You need to build what you don’t have, but remember the order of events, it’s strategy first, then structure, and then people. When you need to look at structure and people, the big thing is don’t just accept what you’ve got in your team when you turn up, this is what I like to call an artificial constraint. Your instinct will likely be telling you not to change people out, but think of it this way: it’s like buying a prize racing thoroughbred, and then you find out that the jockey who’s been racing that thoroughbred, weighs in at 75kgs (around 165 pounds). That clearly isn’t overweight for an adult male, but if you want a jockey who can ride that horse to victory, you’ll need one that weighs something more like 53 kgs (about 50 pounds less). Now it’s completely up to you, whether or not you get the right jockey, but don’t be surprised if your expensive race horse doesn’t win.

Now I want to be clear, I’m not talking about being hired as a CFO, and then deciding that your marketing skills might be more applicable. You can’t go completely AWOL, but you can mould the role within reason! Ultimately you need to work out the areas that best match your capabilities to the task at hand, and to find that as what your job is going to be, then you can have the conversation with your stakeholders.

“Here’s how I’ll best be able to lead this team to deliver the most value for the organisation. Here’s what I’ll do differently, from what you might have imagined when you brought me in, and in terms of results, it’s going to be X percent more valuable to you in the organisation if I do it this way.”

How to establish yourself as a credible performer

As part of making a new role your own, you need to stamp your mark quickly as a trustworthy and credible performer. Now, if you’re new to the organisation, you may be able to rely a little bit on ‘halo effect’, for a short period of time, before people work out what makes you tick. When you’re promoted from within however, this can be pretty tricky. You already have a brand and people have already formed some perceptions of you, but now you’re moving up a level. How well have you set up your credibility for that next level? What do you need to do to perform at that level?

Before you think about your individual adaptation to the new role, you need to understand what a new level actually means, because every level has a unique purpose, and every level has a unique time horizon. So as a frontline employee, the time horizon you focus on might be this week, but as the CEO of a major business, the time horizon you focus on might be five to 10 years out.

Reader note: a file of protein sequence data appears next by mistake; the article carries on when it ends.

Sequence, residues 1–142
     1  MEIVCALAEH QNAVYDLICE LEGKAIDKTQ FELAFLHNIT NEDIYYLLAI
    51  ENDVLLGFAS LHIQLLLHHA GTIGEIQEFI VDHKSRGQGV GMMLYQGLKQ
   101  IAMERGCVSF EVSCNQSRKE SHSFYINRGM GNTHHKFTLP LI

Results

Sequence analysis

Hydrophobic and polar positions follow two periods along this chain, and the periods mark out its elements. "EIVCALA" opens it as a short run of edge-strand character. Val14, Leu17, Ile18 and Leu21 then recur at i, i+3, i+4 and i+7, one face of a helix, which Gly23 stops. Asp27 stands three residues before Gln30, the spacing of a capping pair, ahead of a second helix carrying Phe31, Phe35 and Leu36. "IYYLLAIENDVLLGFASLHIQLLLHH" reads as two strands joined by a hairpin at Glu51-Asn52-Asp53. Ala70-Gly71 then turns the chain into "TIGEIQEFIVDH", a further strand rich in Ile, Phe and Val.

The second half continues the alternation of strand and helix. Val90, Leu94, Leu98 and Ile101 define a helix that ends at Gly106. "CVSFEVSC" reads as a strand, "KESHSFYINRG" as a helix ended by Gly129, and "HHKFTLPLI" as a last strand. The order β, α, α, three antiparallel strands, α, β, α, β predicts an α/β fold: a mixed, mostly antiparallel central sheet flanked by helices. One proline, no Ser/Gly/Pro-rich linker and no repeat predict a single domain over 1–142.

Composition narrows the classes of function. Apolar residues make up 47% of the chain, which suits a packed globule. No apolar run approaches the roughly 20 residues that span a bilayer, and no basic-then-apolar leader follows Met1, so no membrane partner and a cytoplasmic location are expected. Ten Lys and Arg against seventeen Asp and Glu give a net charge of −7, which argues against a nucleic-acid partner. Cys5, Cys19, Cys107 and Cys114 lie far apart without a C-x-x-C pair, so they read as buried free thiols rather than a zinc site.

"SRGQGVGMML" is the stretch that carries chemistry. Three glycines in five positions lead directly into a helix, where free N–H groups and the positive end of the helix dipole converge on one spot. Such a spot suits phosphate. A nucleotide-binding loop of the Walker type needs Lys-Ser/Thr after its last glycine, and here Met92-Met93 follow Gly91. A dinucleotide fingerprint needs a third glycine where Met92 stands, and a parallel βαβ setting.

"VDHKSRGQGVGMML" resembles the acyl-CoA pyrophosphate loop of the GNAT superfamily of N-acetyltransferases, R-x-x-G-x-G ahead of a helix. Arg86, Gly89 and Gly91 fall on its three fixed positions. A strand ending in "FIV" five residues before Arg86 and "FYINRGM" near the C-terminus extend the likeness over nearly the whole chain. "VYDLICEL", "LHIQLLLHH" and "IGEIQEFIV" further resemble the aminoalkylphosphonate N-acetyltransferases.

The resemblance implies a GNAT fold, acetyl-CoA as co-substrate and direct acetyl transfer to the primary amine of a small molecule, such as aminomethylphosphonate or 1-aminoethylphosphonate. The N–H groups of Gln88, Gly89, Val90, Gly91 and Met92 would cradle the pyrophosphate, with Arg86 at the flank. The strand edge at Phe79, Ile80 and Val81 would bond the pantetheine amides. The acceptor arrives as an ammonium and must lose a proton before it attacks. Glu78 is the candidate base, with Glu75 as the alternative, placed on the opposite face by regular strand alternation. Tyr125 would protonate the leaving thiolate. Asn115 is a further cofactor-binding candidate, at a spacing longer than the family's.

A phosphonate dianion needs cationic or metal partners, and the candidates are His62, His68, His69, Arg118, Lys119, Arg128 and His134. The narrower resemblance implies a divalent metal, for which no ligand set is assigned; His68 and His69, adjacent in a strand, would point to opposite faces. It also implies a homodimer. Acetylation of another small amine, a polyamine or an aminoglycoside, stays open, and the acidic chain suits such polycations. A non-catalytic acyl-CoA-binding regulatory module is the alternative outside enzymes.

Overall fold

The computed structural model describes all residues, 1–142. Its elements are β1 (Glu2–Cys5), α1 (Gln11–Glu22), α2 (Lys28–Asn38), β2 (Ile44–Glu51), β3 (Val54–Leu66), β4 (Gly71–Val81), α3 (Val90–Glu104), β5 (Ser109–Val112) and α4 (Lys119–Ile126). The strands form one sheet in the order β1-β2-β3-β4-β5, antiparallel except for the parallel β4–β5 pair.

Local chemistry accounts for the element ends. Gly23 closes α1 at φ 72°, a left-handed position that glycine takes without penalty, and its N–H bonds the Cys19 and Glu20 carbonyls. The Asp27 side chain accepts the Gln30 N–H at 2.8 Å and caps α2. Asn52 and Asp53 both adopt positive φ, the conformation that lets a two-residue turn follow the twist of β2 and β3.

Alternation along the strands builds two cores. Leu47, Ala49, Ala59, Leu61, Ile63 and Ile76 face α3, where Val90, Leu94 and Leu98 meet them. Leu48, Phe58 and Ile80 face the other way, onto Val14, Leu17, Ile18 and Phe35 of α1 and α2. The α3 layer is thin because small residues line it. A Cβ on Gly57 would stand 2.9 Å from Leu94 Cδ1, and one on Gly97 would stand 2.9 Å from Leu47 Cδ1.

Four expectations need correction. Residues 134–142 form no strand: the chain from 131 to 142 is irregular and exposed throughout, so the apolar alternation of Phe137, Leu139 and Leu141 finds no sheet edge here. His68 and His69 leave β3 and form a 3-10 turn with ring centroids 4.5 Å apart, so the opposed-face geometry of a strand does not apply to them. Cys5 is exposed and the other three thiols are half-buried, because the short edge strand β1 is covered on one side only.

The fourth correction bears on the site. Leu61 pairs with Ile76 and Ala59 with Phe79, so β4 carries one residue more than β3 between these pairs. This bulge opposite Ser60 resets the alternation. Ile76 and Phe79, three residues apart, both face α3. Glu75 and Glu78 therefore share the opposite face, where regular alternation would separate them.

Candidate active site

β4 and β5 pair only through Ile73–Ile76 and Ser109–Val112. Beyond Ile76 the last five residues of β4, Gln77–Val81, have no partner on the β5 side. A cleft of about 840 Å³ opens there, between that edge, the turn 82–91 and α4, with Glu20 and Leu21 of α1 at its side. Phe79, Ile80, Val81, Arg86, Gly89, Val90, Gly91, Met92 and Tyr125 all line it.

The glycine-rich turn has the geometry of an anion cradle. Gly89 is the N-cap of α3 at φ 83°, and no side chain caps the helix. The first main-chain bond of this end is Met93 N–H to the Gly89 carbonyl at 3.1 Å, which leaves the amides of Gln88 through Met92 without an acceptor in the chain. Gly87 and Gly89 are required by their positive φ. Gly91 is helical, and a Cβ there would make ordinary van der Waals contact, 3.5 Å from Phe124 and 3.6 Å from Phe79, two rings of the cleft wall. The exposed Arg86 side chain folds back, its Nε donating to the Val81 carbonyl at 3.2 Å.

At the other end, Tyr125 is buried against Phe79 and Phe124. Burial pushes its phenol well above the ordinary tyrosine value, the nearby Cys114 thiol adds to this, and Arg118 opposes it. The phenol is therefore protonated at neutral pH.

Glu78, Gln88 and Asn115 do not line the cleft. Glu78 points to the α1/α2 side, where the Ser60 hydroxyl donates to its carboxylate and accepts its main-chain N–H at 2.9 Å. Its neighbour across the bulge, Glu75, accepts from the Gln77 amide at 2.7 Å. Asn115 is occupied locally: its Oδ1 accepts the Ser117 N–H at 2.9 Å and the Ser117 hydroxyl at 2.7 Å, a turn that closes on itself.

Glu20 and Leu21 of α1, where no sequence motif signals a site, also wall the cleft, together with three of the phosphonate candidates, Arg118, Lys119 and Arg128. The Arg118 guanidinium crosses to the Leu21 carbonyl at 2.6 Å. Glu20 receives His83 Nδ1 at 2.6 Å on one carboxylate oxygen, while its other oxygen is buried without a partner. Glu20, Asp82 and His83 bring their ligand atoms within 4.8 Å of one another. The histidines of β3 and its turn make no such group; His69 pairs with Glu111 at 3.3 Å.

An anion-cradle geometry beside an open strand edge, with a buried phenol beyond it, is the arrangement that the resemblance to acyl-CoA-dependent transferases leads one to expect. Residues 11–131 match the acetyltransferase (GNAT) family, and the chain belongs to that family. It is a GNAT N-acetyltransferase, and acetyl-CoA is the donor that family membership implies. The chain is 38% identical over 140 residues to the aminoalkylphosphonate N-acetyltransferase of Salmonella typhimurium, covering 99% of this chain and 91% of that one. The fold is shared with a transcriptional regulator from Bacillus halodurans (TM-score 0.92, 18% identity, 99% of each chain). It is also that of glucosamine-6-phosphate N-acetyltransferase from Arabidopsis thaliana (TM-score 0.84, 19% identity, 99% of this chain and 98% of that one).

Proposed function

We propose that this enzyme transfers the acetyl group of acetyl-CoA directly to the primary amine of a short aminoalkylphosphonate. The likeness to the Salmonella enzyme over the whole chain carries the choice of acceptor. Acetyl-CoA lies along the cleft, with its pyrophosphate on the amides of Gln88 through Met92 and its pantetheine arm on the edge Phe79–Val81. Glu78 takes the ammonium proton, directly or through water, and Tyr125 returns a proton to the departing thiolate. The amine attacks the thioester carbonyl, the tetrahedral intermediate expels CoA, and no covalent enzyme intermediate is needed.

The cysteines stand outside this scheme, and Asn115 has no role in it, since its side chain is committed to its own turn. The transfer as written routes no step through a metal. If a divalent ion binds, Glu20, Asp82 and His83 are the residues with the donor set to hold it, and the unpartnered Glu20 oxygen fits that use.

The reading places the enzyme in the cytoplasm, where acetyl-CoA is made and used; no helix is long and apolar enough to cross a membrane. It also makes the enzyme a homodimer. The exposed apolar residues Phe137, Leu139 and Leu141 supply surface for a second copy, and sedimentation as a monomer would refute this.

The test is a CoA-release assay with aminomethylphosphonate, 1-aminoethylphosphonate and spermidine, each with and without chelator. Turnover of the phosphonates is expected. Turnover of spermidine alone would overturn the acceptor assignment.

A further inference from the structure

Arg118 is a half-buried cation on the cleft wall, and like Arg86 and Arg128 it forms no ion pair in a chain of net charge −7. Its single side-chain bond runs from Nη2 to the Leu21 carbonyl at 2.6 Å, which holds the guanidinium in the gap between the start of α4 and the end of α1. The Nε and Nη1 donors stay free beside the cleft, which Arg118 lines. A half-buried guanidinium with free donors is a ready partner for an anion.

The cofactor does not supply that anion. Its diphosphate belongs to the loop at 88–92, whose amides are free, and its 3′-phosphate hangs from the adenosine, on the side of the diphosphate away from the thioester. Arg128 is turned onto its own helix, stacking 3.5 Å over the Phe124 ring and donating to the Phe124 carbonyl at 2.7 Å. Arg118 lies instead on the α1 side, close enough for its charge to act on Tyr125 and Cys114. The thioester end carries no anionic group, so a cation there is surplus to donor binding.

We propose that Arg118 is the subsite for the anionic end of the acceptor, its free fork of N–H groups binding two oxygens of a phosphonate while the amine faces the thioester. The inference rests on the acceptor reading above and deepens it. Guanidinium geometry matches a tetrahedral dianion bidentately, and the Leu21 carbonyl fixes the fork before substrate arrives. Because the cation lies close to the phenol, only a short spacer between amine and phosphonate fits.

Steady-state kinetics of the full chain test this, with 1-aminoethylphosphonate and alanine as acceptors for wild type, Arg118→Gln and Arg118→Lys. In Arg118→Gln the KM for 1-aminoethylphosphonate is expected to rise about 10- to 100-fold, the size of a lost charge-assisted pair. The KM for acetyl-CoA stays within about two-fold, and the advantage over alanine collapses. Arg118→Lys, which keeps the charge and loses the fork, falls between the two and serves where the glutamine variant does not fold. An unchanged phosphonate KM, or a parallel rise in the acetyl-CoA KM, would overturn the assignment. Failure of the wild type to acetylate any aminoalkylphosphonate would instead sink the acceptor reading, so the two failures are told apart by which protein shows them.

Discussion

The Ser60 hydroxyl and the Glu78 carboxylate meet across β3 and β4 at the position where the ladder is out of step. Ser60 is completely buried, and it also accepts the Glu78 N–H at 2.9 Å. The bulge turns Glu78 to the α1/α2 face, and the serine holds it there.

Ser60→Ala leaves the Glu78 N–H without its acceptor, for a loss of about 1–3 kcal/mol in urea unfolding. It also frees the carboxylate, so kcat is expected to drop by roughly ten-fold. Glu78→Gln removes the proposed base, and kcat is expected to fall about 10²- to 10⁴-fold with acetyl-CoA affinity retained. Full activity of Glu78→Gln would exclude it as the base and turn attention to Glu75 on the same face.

In our online leadership program, Leadership Beyond the Theory, we go into some detail about how to position yourself at a new level, but basically it requires you to leave your comfort zone. The short story is you need to ask yourself the questions that will help you to determine what the new role demands. So for example:

  • How does my focus shift?

  • Who are the new stakeholders that I need to be aware of?

  • What new groups have I just joined?

  • Who are my peers and how do I interact with them?

  • What are the critical elements of support that I require from other areas that I don’t currently run?

  • What are the new delivery imperatives and value propositions that I have to now think about?

Communication is key

Once you know what you’re going to do, a solid rule of thumb is that you can’t over-communicate when setting up the expectations for your new role with your stakeholders. Over and over again you just have to keep pushing. “Here’s what I’m going to focus on. Here’s where I think my team can provide the most value. And here’s how I’d like to work with you”. Your team, your boss, and your new peers need to know how you’re going to be different in the new role. “I used to do X, but now we’ll be focusing more on Y”.

One thing I want you to keep in mind, is to not be surprised if you don’t get a huge amount of guidance from your new boss when you step into a new role. You’ve got to remember that if you’ve been through any sort of recruitment selection process, you’ve probably just spent a huge amount of energy convincing her that you already know how to do the job! But ultimately, if what you’re doing makes sense, if you have the ability to identify the greater value creation opportunities, and if you can articulate how you’re going to shape the role, your major stakeholders will generally be pretty happy with that. Explicitly setting expectations is the most important thing, and it’s the area most often neglected by people coming into a new role at any level.

Drawing a line in the sand and setting expectations

Regardless of where you’ve come from, whether it’s inside, outside, below, or beside, you need to set expectations right from the get go. It’s really important to stamp your mark on the role early! So you’ve got to tell people what they can expect from you. What I always used to do was call the team together straight away. Sometimes, even before I’d officially commenced in the role, and I’d normally start just with my direct reports, because that was going to be my focus of attention (depending on the level, you can also consider getting to the broader organisation as well).

You need to talk about what’s important to you, and remember, this your first opportunity to set the tone, the pace and the standard for your new team. For me, it usually went something like this: